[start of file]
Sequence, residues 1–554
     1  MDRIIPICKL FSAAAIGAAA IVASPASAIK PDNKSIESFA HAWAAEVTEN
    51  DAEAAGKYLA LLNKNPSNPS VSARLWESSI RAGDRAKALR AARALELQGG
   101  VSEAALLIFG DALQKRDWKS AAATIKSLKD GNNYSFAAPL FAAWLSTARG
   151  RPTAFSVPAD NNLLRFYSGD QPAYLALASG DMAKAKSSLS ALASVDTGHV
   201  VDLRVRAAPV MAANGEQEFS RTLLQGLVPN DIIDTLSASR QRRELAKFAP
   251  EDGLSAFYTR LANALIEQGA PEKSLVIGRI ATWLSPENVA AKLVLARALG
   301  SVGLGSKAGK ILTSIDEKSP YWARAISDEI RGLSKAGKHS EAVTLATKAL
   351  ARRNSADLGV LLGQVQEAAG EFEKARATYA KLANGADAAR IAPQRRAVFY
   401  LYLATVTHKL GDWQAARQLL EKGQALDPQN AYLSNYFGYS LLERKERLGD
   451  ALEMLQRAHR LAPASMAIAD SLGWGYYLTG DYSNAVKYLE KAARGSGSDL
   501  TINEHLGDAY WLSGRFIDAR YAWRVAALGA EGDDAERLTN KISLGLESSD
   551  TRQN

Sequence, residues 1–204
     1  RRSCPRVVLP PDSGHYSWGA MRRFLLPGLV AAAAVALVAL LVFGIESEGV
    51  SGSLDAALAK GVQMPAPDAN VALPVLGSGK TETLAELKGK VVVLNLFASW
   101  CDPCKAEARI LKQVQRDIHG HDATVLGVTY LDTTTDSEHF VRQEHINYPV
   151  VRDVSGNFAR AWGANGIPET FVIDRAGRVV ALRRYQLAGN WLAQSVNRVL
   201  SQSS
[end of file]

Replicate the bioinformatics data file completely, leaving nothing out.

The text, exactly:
Sequence, residues 1–554
     1  MDRIIPICKL FSAAAIGAAA IVASPASAIK PDNKSIESFA HAWAAEVTEN
    51  DAEAAGKYLA LLNKNPSNPS VSARLWESSI RAGDRAKALR AARALELQGG
   101  VSEAALLIFG DALQKRDWKS AAATIKSLKD GNNYSFAAPL FAAWLSTARG
   151  RPTAFSVPAD NNLLRFYSGD QPAYLALASG DMAKAKSSLS ALASVDTGHV
   201  VDLRVRAAPV MAANGEQEFS RTLLQGLVPN DIIDTLSASR QRRELAKFAP
   251  EDGLSAFYTR LANALIEQGA PEKSLVIGRI ATWLSPENVA AKLVLARALG
   301  SVGLGSKAGK ILTSIDEKSP YWARAISDEI RGLSKAGKHS EAVTLATKAL
   351  ARRNSADLGV LLGQVQEAAG EFEKARATYA KLANGADAAR IAPQRRAVFY
   401  LYLATVTHKL GDWQAARQLL EKGQALDPQN AYLSNYFGYS LLERKERLGD
   451  ALEMLQRAHR LAPASMAIAD SLGWGYYLTG DYSNAVKYLE KAARGSGSDL
   501  TINEHLGDAY WLSGRFIDAR YAWRVAALGA EGDDAERLTN KISLGLESSD
   551  TRQN

Sequence, residues 1–204
     1  RRSCPRVVLP PDSGHYSWGA MRRFLLPGLV AAAAVALVAL LVFGIESEGV
    51  SGSLDAALAK GVQMPAPDAN VALPVLGSGK TETLAELKGK VVVLNLFASW
   101  CDPCKAEARI LKQVQRDIHG HDATVLGVTY LDTTTDSEHF VRQEHINYPV
   151  VRDVSGNFAR AWGANGIPET FVIDRAGRVV ALRRYQLAGN WLAQSVNRVL
   201  SQSS